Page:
The figure of a lady less than a foot high and wearing a gorgeous dress was seated on a piano stool in an attractive pose. When a key was wound, she glanced gently to left and right and her hands struck the keys lightly to produce a melody. She looked so lifelike to us as we watched from the side that we could not bear it when the piece came to an end, so we wound the mechanism up two or three more times before moving on.
Although Kume says little about the many theatrical performances attended by the mission, he does write about the music they heard, presumably because an appreciation of it required no competence in Western languages. He records his impressions of the ‘clear, bright sound, pure and refined’ of Scottish bagpipes and of choral music in Boston, which reminded him by turns of ‘graceful cranes … flying overhead’ and ‘nightingales … cavorting among flowers’.
Kume’s account also registers new ideas that were beginning to gain currency. In Reinventing Japan, the historian Tessa Morris-Suzuki observes that in the course of modernisation, Japan’s dominant view of civilisation shifted away from its traditional cosmology, derived from China, which held that spheres of increasing barbarity radiated around a civilised centre, to a progress-based narrative inspired by the European Enlightenment. A spatial arrangement was replaced with a temporal one: whereas those on the periphery had once been Other because of their distance from the centre, now they came to be seen as belonging to an earlier stage of development. This idea was very much in the air when the mission made its journey, and was the principal model Kume used to interpret his experiences abroad. As the mission travelled east from San Francisco along the transcontinental railroad, Kume noted that ‘the panorama of the pioneering development of America [was] unfolding before us.’ The Native American settlements, by contrast, seemed to him ‘a very ancient, uncivilised wilderness’. Kume expressed some sympathy for those whom ‘white Americans have pushed … out and deprived … of their land’, but essentially the Native Americans were temporal Others to him; in a discussion of their origins left out of this abridged version, he mentions the theory that Native Americans and the Japanese shared a common ancestry. Yet although Kume had internalised 19th-century European notions of civilisation and progress, he flatly rejected Western theories that correlated development with innate racial aptitude: ‘Clearly, the colour of one’s skin has nothing to do with intelligence,’ he declared, and imagined a day when ‘talented black people will rise and white people who do not study and work hard will fall by the wayside.’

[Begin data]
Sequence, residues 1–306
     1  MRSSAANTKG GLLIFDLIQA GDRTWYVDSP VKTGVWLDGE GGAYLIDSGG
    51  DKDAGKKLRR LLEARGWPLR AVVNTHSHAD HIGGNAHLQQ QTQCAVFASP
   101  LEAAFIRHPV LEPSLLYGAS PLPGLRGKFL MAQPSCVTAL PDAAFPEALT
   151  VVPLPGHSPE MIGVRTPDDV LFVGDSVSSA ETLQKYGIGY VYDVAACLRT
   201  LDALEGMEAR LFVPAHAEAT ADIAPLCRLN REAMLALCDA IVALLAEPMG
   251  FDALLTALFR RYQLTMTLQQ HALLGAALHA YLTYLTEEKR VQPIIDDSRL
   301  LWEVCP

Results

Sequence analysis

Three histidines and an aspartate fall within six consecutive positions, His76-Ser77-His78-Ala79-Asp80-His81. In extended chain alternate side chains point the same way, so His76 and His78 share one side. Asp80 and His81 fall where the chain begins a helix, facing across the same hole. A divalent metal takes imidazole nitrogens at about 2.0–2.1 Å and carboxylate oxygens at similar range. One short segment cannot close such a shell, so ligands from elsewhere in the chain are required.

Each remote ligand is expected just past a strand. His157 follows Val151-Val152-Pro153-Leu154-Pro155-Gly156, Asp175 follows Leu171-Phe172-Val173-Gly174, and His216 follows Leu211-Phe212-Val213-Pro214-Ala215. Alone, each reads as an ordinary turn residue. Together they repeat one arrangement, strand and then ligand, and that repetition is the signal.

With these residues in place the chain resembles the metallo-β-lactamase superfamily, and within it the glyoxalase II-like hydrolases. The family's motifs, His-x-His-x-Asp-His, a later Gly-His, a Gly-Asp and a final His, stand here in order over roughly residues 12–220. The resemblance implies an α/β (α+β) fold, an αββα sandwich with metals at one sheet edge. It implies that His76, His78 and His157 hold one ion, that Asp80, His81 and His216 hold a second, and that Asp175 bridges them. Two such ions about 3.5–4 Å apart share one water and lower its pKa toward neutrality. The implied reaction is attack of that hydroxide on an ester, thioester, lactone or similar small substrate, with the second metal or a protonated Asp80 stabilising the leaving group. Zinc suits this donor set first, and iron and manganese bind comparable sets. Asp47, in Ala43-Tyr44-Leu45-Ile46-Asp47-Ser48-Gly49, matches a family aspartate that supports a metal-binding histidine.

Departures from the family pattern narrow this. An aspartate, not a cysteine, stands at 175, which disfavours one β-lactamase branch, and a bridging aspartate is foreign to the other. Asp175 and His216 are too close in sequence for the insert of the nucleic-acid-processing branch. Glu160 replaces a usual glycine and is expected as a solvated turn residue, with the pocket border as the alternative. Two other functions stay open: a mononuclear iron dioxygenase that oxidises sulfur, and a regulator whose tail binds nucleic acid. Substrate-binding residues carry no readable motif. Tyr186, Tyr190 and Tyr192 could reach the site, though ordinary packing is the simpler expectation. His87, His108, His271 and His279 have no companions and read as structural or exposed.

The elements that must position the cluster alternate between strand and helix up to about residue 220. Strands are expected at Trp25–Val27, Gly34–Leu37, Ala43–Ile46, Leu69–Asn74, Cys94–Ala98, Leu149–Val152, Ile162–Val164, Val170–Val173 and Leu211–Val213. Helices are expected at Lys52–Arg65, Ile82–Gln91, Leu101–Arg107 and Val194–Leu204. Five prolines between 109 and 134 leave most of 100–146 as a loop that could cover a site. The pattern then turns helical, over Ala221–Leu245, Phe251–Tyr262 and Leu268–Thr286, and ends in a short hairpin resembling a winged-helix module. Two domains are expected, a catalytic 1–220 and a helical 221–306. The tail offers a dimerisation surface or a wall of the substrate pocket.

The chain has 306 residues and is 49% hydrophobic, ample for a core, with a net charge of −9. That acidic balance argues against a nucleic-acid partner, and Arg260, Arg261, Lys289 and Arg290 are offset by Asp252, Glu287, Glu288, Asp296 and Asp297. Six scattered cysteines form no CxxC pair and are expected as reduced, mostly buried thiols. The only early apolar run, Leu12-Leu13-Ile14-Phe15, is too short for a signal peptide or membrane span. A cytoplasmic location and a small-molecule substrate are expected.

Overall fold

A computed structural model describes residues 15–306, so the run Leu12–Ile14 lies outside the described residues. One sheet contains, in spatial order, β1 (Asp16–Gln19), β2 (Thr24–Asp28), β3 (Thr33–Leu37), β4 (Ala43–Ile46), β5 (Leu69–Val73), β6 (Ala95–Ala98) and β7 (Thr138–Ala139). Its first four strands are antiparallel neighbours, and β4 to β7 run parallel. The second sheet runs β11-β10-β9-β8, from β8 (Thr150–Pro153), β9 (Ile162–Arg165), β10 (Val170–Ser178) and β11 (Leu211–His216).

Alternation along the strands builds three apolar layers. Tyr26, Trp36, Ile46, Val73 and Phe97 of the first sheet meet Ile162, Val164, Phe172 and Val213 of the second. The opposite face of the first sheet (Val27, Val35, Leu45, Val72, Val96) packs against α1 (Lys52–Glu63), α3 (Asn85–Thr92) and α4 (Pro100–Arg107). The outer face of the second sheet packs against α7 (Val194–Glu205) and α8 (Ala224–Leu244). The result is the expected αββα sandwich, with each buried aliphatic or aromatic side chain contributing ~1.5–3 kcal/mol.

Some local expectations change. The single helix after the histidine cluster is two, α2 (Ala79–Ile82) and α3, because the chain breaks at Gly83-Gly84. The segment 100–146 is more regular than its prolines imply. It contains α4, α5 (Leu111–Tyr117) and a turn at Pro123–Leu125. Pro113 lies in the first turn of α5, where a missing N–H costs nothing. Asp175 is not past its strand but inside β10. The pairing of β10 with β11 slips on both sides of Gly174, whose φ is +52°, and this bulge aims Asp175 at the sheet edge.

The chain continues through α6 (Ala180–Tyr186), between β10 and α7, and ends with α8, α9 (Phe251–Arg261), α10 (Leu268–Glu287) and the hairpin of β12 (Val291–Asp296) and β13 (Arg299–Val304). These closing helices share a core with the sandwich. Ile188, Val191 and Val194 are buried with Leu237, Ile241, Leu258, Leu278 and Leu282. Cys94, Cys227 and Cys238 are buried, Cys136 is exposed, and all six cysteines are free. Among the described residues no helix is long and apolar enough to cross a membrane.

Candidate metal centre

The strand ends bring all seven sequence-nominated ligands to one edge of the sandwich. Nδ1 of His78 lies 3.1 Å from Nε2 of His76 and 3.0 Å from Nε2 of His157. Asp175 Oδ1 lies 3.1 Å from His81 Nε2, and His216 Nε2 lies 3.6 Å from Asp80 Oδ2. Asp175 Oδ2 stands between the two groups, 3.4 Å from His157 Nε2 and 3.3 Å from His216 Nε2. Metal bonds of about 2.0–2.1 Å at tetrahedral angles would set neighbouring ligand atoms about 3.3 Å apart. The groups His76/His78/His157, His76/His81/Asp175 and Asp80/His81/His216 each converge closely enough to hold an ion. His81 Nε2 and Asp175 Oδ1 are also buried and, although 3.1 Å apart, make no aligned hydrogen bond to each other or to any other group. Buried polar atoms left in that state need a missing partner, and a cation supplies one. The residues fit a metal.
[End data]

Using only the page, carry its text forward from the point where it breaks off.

Kume saw education and the accumulation of knowledge as essential for development. ‘When one looks at the objects displayed in its museums,’ he wrote after a visit to the British Museum,
the sequence of stages of a country’s civilisation is immediately apparent to the eye and can be apprehended directly by the mind … The knowledge acquired by those who precede is passed on to those who succeed; the understanding achieved by earlier generations is handed down to later generations; and so we move forward by degrees. This is what is called ‘progress’. Progress does not mean discarding what is old and contriving something which is entirely new.